Music Movies Competition: $5,000 cash prize
ReelWomenDirect Award for Excellence in Directing By a Woman: $7,500 cash prize
Roxanne T. Mueller Audience Choice Award For Best Film: $5,000 cash prize
Howard Hanna Audience Choice Award for Best Short Subject: $1,000 cash prize
The Short Films are always popular amongst CIFF audiences and the jurors are always challenged with choosing the best of the best. The shorts are screened and then the filmmakers are recognized and winners announced. Each award is accompanied with a $1,000 cash prize. From Best Documentary Short to Best Student Short Award, CIFF juror pick the winners for ten awards. The Best Animated Short Film Award winner and Best Live Action Short Film Award winner will qualify for the Short Films category of the annual Academy Awards. One such winner, 2011’s The Fantastic Flying Books of Mr. Morris Lessmore, went on to win an Oscar.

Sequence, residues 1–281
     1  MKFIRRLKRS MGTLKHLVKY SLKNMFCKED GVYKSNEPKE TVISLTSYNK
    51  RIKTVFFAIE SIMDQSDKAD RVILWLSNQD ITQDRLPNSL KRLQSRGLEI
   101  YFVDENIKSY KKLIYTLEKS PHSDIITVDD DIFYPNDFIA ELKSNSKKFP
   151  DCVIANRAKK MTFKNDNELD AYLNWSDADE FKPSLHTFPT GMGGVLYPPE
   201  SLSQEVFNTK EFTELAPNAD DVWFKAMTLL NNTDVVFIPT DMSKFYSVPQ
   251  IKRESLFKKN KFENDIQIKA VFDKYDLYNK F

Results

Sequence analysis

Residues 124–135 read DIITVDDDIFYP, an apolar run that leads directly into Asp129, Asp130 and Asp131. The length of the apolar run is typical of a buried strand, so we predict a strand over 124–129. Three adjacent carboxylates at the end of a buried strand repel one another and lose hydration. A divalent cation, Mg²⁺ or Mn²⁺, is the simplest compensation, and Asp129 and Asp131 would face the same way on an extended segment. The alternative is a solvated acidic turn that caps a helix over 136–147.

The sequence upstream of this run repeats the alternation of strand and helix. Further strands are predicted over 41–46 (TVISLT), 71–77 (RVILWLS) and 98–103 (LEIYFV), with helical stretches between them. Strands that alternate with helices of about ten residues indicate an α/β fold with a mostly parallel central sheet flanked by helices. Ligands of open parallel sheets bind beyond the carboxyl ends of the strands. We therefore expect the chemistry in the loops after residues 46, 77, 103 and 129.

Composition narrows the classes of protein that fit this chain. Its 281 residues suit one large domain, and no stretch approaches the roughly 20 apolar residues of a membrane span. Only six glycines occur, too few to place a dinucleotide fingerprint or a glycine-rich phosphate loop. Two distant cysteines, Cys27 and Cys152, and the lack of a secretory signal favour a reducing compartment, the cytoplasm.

Tonight’s Shorts Jury Awards are:
Best Animated Short Award* - sponsored by Reminger Co., L.P.A.
Best Documentary Short Award - sponsored by Jules and Fran Belkin
Best International Short Award - sponsored by MP Star Financial, Inc.
Best LGBT Short Award: Given in Celebration of the Life of Nikki Babbit – sponsored by Jan and Harold Babbit
Best Live Action Short Award* - sponsored by Anne Bloomberg and Alan Gordon Lipson & Judy Harris
Best Ohio Short Award - sponsored by Wayside Furniture
Best Student Short Award - sponsored by MP Star Financial, Inc.
Best Women’s Short Award - sponsored by Jinny and John Johnson
The Clover and Maggie Award: In Celebration of Life - sponsored by Barbara Hawley and David Goodman
The Spalding and Jackson Award: In Celebration of Joy - sponsored by Marcie Goodman
After hundreds of screenings, Q&A’s with filmmakers, a lot of popcorn, the CIFF says goodbye until next year.
— Molly Drake and Lara Klaber
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A Glimpse into the World of Celebrity Impersonators